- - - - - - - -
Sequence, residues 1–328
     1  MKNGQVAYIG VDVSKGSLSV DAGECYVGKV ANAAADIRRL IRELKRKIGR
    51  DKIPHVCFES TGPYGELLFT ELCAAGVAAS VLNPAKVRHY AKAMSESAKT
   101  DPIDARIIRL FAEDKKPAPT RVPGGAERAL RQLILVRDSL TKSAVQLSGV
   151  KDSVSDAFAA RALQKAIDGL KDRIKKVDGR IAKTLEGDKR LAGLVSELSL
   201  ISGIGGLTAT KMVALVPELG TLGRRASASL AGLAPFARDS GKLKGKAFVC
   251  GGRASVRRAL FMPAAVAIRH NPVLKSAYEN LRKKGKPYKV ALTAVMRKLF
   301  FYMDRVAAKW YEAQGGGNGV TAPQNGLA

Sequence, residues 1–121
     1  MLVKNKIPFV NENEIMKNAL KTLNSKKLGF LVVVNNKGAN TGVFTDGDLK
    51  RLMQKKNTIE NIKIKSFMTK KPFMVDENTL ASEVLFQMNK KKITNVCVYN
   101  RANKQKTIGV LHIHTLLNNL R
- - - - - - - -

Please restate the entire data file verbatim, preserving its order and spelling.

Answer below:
Sequence, residues 1–328
     1  MKNGQVAYIG VDVSKGSLSV DAGECYVGKV ANAAADIRRL IRELKRKIGR
    51  DKIPHVCFES TGPYGELLFT ELCAAGVAAS VLNPAKVRHY AKAMSESAKT
   101  DPIDARIIRL FAEDKKPAPT RVPGGAERAL RQLILVRDSL TKSAVQLSGV
   151  KDSVSDAFAA RALQKAIDGL KDRIKKVDGR IAKTLEGDKR LAGLVSELSL
   201  ISGIGGLTAT KMVALVPELG TLGRRASASL AGLAPFARDS GKLKGKAFVC
   251  GGRASVRRAL FMPAAVAIRH NPVLKSAYEN LRKKGKPYKV ALTAVMRKLF
   301  FYMDRVAAKW YEAQGGGNGV TAPQNGLA

Sequence, residues 1–121
     1  MLVKNKIPFV NENEIMKNAL KTLNSKKLGF LVVVNNKGAN TGVFTDGDLK
    51  RLMQKKNTIE NIKIKSFMTK KPFMVDENTL ASEVLFQMNK KKITNVCVYN
   101  RANKQKTIGV LHIHTLLNNL R